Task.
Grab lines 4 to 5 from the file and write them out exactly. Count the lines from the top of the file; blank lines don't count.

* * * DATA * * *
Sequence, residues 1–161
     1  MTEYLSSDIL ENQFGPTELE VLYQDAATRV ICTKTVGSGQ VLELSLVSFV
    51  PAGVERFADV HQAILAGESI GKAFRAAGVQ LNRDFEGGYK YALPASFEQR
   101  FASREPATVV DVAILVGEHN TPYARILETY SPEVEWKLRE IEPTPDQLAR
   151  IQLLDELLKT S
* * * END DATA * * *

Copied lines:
   101  FASREPATVV DVAILVGEHN TPYARILETY SPEVEWKLRE IEPTPDQLAR
   151  IQLLDELLKT S